Theo tin PR NewswirernrnHARRISBURG, Pa., Feb. 24, 2016 /PRNewswire-USNewswire/ — The Pennsylvania Fish and Boat Commission's (PFBC) popular Mentored Youth Trout Days program has proven that kids are eager to fish, especially when they have a special opportunity to spend a day with their mentors before the traditional rush of the regional and statewide opening days of trout season.rnrnLast year, more than 28,000 kids signed up to participate, either by purchasing a $1 voluntary youth fishing license or by acquiring a free mentored youth fishing permit.rnrnPFBC Executive Director John Arway expects even more mentors and kids to come out this year and participate in the growing program, which is scheduled for March 26 and April 9. And, as it has done each successive year, the PFBC has fine-tuned the program based on angler feedback. For this year, only kids will be allowed to keep two trout.rnrn"Without a doubt, the mentored youth program has been a huge success, growing each year as we listen to anglers and make changes to improve the experience," he said. "This year we are refining it again by allowing only kids to keep two trout. Mentors can fish but cannot keep any trout."rnrn"This is a very popular program designed to encourage kids to take adults fishing," he added. "Mentors can show kids that fishing is fun, and at the same time promote active, outdoor recreation. Adult mentors are encouraged to fish with the children and provide encouragement and tips, but we're asking them to release their catch to the water unharmed."rnrnOn these two days, participants can fish in any PFBC stocked trout water. Kids can keep two trout, which must measure at least seven inches. Mentors must have a fishing license and trout stamp.rnrnThe March 26 Mentored Youth Trout Day takes place in 18 southeastern counties, including: Adams, Berks, Bucks, Chester, Cumberland, Dauphin, Delaware, Franklin, Juniata, Lancaster, Lebanon, Lehigh, Montgomery, Northampton, Perry, Philadelphia, Schuylkill and York.rnrnThe following weekend – April 2 – kicks off the Regional Opening Day of Trout Season in the same 18 southeastern counties.rnrnA second Mentored Youth Trout Day will be held on April 9, the Saturday before the April 16 statewide opening day of trout season.rnrn"Trout season is a great cure for cabin fever and an opportunity to get outside and enjoy the Commonwealth's abundant natural resources," Arway added. "It's also a perfect time to share your excitement with others by 'Paying it Forward,' and doing a good deed."rnrn"Maybe you help bait someone's hook, offer to take a shore angler out on your boat, or even buy someone a fishing license," he said. "The idea is that we all benefit when we do good deeds for others."rnrnA majority of the trout waters will be stocked in advance of the mentored youth days. But some of the waters may not be stocked in time due to weather, water conditions and scheduling logistics. Also, special regulation areas, like Catch and Release Fly-Fishing Only or Delayed Harvest Artificial Lures Only, are not included in the mentored youth program.rnrn"It's important for anglers to visit the PFBC stocking page for an updated list so they know exactly what waters are being stocked," said Brian Wisner, Director of the PFBC Bureau of Hatcheries. "We don't want mentors and kids inadvertently showing up at waters which have not been stocked."rnrnTo participate, adult anglers (16 years or older) must have a valid fishing license and trout/salmon permit and be accompanied by a youth. Youth anglers must obtain a free PFBC-issued permit, or a voluntary youth fishing license. Both are available at www.GoneFishingPA.com or at any of the more than 900 licensing agents across the state.rnrnMore than 9,200 voluntary youth fishing licenses were sold last year, and another 18,858 mentored youth permits were issued.rnrnFor every voluntary youth license sold, the PFBC will receive approximately $5 in federal revenue from the U.S. Fish and Wildlife Service's Sport Fish Restoration Act program, which provides funds to states based on a formula that includes the number of licenses a state sells. All revenues earned from a voluntary youth fishing license will be dedicated to youth fishing programs.rnrnThe PFBC annually stocks approximately 3.2 million adult trout in more than 700 streams and 120 lakes open to public angling. These figures include approximately 2 million rainbow trout; 642,000 brown trout; and 522,000 brook trout.rnrnMedia Contact: rnEric Levis, Press Secretaryrn717.705.7806 or elevis@pa.govrnrnPR011-2016-02-24rnrn rnrnSOURCE Pennsylvania Fish & Boat CommissionrnrnrnrnRELATED LINKSrnhttp://www.gonefishingpa.com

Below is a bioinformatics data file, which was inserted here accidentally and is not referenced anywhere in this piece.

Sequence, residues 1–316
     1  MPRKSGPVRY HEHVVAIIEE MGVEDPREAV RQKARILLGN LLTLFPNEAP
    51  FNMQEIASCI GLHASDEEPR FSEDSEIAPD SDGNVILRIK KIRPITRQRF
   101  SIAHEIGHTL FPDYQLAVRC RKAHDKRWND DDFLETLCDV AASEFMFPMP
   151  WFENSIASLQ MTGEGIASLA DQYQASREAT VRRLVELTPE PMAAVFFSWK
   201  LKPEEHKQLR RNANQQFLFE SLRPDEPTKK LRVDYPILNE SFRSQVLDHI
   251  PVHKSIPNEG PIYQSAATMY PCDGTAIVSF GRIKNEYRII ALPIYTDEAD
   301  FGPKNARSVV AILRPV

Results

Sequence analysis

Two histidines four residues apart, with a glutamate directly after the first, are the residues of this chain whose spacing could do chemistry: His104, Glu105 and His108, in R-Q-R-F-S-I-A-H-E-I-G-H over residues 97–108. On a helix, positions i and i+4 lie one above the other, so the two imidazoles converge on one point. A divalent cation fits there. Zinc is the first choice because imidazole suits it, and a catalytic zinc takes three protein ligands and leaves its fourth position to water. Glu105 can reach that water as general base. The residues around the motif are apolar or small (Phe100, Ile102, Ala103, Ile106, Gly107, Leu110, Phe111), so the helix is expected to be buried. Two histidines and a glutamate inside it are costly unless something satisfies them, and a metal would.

Illegal Residence Shut Down Prior to Fire